“There are no rules for brides any more, especially younger ones wanting to wear more fashion-forward styles. Younger brides can be less conservative and adopt a ‘why not’ approach, especially for less formal weddings with their close friends and family,” says Michele Li, wedding planner and founder of The Wedding Company.

“For example, one recent ‘cool’ bride wore high-top trainers with her gown, mainly for comfort but also as a fashion statement. Another wore a beautiful hand-embroidered Marchesa dress that was more fashionable than a traditional wedding gown,” she says.

Indeed, many of the wedding dresses we see today are from the seasonal catwalk collections of major designers. A glance at Net-a-Porter’s bridal section reveals edgy creations by a group of emerging designers such as Roksanda, Self Portrait, Needle & Thread and Alice + Olivia. Also included are luxury houses such as Lanvin and Valentino, whose highly intricate, couture-like creations are ideal for the more contemporary bride.

More established bridal designers are also adopting this trend. Big names from Vera Wang to Jenny Packham have added experimental styles and colours to their collections. Wang, for example, recently modernised a Cinderella ball gown by adding a draped turtle-neck top.

“We are seeing hints of new colours in the gowns, including blush, mint and grey. Designers are also coming up with more daring designs as they are pairing slinky mermaid silhouettes with plunging necklines, low backs and sheer, lingerie-like designs. These all sound sexy, revealing and unconventional for brides, but actually they are done in a very tasteful and subtle way that only adds a touch of sensuality to the look,” says Chow.

When it comes to silhouettes, the fitted strapless gown is done and dusted. Instead women are experimenting with capes, skirts with high-low hems and removable overskirts. Illusion necklines with low backs or back details are also popular.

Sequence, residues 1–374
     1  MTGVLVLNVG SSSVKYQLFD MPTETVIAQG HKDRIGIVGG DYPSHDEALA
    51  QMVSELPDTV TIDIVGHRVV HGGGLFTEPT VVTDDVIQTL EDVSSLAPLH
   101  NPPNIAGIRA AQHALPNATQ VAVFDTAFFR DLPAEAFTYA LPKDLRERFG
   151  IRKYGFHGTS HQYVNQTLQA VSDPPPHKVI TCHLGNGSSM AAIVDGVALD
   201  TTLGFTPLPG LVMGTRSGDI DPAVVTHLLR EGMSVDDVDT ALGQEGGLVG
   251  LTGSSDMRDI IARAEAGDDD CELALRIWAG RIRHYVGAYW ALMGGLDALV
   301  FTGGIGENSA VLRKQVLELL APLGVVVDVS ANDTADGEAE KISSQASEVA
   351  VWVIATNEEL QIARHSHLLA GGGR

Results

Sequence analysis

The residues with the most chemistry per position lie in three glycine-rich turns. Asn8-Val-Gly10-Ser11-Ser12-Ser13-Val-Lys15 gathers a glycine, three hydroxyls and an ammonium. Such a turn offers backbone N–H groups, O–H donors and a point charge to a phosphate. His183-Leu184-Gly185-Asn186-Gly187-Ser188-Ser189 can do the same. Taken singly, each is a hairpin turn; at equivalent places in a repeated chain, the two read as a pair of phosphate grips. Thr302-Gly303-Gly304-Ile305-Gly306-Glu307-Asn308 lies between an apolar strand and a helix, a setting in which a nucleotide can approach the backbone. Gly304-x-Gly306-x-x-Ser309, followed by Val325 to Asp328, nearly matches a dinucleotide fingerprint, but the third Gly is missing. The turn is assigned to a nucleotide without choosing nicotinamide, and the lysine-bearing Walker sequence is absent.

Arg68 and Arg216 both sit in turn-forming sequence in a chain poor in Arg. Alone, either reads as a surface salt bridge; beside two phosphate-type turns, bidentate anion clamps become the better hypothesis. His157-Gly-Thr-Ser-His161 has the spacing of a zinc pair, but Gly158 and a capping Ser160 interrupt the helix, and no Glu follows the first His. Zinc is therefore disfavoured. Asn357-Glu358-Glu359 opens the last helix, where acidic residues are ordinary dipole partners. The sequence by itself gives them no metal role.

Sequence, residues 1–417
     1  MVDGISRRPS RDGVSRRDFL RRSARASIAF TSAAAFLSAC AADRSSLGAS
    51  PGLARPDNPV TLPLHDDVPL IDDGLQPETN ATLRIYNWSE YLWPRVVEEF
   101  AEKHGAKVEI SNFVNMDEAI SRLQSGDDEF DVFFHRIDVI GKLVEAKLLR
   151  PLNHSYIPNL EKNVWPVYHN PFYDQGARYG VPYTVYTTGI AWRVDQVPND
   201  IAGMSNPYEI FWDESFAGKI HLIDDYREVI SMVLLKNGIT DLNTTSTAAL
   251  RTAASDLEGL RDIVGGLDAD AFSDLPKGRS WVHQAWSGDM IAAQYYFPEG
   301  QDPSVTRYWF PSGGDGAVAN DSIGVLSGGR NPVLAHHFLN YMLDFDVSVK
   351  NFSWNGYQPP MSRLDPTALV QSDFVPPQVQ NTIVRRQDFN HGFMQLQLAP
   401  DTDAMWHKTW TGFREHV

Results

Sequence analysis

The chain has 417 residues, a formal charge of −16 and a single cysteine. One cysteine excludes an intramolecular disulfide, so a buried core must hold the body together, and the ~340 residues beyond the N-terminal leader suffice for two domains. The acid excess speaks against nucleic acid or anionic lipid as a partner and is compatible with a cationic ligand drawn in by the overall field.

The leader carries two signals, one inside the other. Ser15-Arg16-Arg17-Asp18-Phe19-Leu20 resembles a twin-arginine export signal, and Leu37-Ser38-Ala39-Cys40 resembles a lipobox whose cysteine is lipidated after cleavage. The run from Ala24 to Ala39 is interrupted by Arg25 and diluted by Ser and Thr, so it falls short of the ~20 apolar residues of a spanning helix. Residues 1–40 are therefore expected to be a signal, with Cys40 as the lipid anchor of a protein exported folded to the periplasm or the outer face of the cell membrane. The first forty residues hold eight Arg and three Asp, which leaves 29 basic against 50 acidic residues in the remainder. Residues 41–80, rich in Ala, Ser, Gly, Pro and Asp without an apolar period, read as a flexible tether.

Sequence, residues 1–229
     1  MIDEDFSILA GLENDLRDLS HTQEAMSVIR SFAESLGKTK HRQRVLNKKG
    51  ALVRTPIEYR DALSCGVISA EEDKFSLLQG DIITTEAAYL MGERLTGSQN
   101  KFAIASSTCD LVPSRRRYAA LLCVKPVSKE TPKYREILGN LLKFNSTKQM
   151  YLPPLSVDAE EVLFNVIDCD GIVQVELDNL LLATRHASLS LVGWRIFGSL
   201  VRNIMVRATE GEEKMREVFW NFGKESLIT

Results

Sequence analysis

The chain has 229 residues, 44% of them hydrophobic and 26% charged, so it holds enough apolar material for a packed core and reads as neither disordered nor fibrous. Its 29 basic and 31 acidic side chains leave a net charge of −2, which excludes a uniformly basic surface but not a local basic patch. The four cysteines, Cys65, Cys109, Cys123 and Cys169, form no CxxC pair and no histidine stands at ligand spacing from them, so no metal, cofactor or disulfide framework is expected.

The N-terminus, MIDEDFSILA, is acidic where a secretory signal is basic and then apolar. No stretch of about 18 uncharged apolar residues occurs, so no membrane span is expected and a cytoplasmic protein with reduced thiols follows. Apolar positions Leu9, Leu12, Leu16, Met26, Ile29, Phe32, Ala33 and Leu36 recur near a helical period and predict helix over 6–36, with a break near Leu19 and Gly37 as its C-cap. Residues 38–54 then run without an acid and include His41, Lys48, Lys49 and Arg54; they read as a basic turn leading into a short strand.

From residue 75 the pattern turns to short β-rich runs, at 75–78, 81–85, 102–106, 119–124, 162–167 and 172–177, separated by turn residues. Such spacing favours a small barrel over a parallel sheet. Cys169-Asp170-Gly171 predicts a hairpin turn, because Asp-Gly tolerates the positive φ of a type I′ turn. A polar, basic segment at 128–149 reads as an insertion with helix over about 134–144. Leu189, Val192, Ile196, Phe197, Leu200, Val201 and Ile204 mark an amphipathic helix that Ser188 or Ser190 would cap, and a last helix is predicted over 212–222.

While choosing the right dress is paramount, accessories and other details can also help take a bride’s look from princess to catwalk-worthy. Hair accessories are popular, and range from crystal headbands to headpieces. Statement jewellery and body veils can also help transform a dress.

“Body veils are very long veils attached to the gowns, often extending from the shoulders to beyond the train. These are beautiful and still create a dramatic entrance from the back,” Chow says.

Dresses for a cause

A wedding dress may be the most important item of a clothing a woman ever buys, but what does she do with it when the wedding is over? is a newly launched e-commerce business founded by Chantal Khoueiry that gives women the opportunity to sell and buy designer wedding dresses while contributing to a greater cause. The London-based site features pre-owned designer and couture wedding dresses from brands like Amanda Wakeley and Carolina Herrera at a fraction of the retail price and ships internationally.

While a small portion of the sales go towards running the site, and to the seller, a third is donated directly to charities – including Plan International, which promotes the safeguarding of children around the world.